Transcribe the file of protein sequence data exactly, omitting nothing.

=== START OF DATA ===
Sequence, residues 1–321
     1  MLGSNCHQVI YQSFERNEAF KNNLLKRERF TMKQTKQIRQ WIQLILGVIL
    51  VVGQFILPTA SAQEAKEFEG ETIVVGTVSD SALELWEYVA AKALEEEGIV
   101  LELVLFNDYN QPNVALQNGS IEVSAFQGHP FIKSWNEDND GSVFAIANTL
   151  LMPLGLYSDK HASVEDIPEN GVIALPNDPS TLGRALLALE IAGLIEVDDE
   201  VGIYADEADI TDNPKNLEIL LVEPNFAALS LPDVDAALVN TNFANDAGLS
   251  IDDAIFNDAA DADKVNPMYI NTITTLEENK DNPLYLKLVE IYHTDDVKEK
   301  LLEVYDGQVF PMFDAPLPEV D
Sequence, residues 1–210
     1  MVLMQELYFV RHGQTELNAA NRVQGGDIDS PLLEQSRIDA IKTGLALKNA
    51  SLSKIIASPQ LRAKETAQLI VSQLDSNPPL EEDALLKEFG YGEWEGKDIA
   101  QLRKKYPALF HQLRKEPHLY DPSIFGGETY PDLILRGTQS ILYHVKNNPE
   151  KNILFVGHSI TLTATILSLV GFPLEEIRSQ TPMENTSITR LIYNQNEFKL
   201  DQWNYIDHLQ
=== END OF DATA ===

Sequence, residues 1–321
     1  MLGSNCHQVI YQSFERNEAF KNNLLKRERF TMKQTKQIRQ WIQLILGVIL
    51  VVGQFILPTA SAQEAKEFEG ETIVVGTVSD SALELWEYVA AKALEEEGIV
   101  LELVLFNDYN QPNVALQNGS IEVSAFQGHP FIKSWNEDND GSVFAIANTL
   151  LMPLGLYSDK HASVEDIPEN GVIALPNDPS TLGRALLALE IAGLIEVDDE
   201  VGIYADEADI TDNPKNLEIL LVEPNFAALS LPDVDAALVN TNFANDAGLS
   251  IDDAIFNDAA DADKVNPMYI NTITTLEENK DNPLYLKLVE IYHTDDVKEK
   301  LLEVYDGQVF PMFDAPLPEV D
Sequence, residues 1–210
     1  MVLMQELYFV RHGQTELNAA NRVQGGDIDS PLLEQSRIDA IKTGLALKNA
    51  SLSKIIASPQ LRAKETAQLI VSQLDSNPPL EEDALLKEFG YGEWEGKDIA
   101  QLRKKYPALF HQLRKEPHLY DPSIFGGETY PDLILRGTQS ILYHVKNNPE
   151  KNILFVGHSI TLTATILSLV GFPLEEIRSQ TPMENTSITR LIYNQNEFKL
   201  DQWNYIDHLQ